The server application program 305 generates, maintains, retrieves, and/or manipulates data. When a user wants to interact with the server application program 305, the user initiates interaction, for example, by specifying a URL using the client program 320 a. In response to the specified request, the server 310 transmits instructions to the client program 320 a which renders a Web page containing a user interface 315 associated with the multithreaded server application program 305. For example, the UI 315 can include a login dialog box which requires the user to enter a username and password before the server 310 will allow the user to view and/or modify data associated with the server application program 305. Once the server 310 has verified the user's identity, the user can begin a user session with the multithreaded server application program 305. Generally, a series of requests to a Web-based server application program originating from the same user at the same browser is identified by a unique session identifier and comprises a user session. The session identifier can be tracked as cookies or appended to each request sent to the server 310 by a client program 320 a-d, and allows only authorized users access to the server application program 305.
Suppose that the application developer wants to trace the non-fatal errors, for example, that occur during user sessions in a given testing period. The application developer sets the severity level of the trace statements to severity level “2” at run-time and designates a two hour window as a testing period. During those two hours, client agents 345 a-d residing on the client device 325 a-d monitor the execution of instructions at the client programs 320 a-d as the authorized users interact with the server application program 305. Upon detection of each non-fatal error at a client program 320 a, for example, the client agent 345 a generates a client-side trace output which includes the unique session identifier associated with the user session and the sequence and results of executing the instructions at the client device 325 a that led to the non-fatal error. The client agent 345 a then transfers the generated client-side trace output to the server 310 (as described above).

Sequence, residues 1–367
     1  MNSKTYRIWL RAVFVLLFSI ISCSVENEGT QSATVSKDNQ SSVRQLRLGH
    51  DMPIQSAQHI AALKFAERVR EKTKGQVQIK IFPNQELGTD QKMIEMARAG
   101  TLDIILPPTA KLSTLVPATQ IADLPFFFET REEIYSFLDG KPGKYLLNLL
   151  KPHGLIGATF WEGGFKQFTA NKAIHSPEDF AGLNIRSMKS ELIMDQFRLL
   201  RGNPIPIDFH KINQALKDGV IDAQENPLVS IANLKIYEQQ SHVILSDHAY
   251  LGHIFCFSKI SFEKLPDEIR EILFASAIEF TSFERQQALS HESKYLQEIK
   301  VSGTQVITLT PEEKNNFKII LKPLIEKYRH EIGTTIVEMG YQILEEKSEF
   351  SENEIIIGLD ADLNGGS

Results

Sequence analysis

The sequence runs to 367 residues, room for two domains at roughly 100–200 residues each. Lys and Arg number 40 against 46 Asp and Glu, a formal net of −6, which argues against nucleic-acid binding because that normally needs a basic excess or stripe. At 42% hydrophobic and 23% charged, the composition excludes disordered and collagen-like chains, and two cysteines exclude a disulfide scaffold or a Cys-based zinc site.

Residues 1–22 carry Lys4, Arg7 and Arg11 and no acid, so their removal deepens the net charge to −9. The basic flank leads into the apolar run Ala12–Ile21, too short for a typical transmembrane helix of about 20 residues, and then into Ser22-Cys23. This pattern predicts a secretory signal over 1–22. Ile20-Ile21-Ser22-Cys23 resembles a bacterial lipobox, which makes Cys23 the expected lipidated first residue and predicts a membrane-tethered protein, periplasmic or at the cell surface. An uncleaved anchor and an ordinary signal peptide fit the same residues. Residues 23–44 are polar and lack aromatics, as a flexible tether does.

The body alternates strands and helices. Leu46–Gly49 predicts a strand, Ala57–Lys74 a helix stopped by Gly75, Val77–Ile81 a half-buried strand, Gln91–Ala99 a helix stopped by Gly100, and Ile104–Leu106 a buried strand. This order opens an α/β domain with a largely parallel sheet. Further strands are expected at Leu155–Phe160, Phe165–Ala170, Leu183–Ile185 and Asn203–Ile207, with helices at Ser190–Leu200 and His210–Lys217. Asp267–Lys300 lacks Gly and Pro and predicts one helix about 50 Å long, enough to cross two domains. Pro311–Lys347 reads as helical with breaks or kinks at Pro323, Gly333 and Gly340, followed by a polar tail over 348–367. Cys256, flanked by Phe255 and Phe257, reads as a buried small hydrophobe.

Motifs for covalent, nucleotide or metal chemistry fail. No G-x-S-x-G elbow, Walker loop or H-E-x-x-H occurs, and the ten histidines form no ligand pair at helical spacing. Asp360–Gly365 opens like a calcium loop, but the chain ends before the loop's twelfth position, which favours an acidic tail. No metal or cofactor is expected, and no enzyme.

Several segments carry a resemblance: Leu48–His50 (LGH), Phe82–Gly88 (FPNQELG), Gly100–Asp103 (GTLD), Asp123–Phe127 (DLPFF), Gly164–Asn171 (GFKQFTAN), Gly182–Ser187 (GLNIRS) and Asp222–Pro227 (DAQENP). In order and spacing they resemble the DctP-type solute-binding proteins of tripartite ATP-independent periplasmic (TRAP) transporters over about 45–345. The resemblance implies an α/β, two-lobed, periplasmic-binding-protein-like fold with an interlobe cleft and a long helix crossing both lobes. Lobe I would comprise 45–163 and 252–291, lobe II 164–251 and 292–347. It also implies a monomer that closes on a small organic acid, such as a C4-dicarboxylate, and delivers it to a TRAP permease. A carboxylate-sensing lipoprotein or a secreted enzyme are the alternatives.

Also during those two hours, the server agent 355 on the server 310 monitors the execution of instructions by the server application program 305 as one or more authorized users interact simultaneously with the server application program 305. The unique session identifiers enable the server agent 355 to keep track of which user interaction (i.e., request from a client program 320 a-d) causes a particular thread of execution in the server application program 305. Each time the server agent 355 detects a non-fatal error in the execution of a thread, the server agent 355 generates a server-side trace output including the unique session identifier associated with that particular thread and the sequence and results of executing the thread that led to the non-fatal error. In one example, the server agent 355 integrates the server-side trace outputs with the client-side trace outputs sharing the same unique session identifier into a single trace output file for each user session at the end of the testing period.
The techniques described herein can be implemented in digital electronic circuitry, or in computer hardware, firmware, software, or in combinations of them. The techniques can be implemented as a computer program product, i.e., a computer program tangibly embodied in an information carrier, e.g., in a machine-readable storage device or in a propagated signal, for execution by, or to control the operation of, data processing apparatus, e.g., a programmable processor, a computer, or multiple computers. A computer program can be written in any form of programming language, including compiled or interpreted languages, and it can be deployed in any form, including as a stand-alone program or as a module, component, subroutine, or other unit suitable for use in a computing environment. A computer program can be deployed to be executed on one computer or on multiple computers at one site or distributed across multiple sites and interconnected by a communication network.